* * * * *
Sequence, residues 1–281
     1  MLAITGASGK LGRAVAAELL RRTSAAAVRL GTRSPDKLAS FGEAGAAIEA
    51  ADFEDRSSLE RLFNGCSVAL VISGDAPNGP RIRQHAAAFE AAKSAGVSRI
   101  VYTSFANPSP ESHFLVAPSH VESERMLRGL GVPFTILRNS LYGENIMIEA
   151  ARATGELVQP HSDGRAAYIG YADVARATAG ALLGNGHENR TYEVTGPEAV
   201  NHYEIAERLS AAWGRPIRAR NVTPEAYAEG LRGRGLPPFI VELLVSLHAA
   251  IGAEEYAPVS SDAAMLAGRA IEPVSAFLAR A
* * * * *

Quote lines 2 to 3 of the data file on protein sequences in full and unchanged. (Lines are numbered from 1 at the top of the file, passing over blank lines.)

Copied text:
     1  MLAITGASGK LGRAVAAELL RRTSAAAVRL GTRSPDKLAS FGEAGAAIEA
    51  ADFEDRSSLE RLFNGCSVAL VISGDAPNGP RIRQHAAAFE AAKSAGVSRI